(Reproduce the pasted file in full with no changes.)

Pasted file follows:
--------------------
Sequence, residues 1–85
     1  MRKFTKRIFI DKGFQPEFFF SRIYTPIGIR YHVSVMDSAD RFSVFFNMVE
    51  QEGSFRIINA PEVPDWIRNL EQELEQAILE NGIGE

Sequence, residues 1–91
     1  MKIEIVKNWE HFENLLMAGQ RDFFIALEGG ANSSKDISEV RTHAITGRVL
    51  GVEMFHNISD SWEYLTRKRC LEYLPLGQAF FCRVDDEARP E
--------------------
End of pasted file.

Sequence, residues 1–85
     1  MRKFTKRIFI DKGFQPEFFF SRIYTPIGIR YHVSVMDSAD RFSVFFNMVE
    51  QEGSFRIINA PEVPDWIRNL EQELEQAILE NGIGE

Sequence, residues 1–91
     1  MKIEIVKNWE HFENLLMAGQ RDFFIALEGG ANSSKDISEV RTHAITGRVL
    51  GVEMFHNISD SWEYLTRKRC LEYLPLGQAF FCRVDDEARP E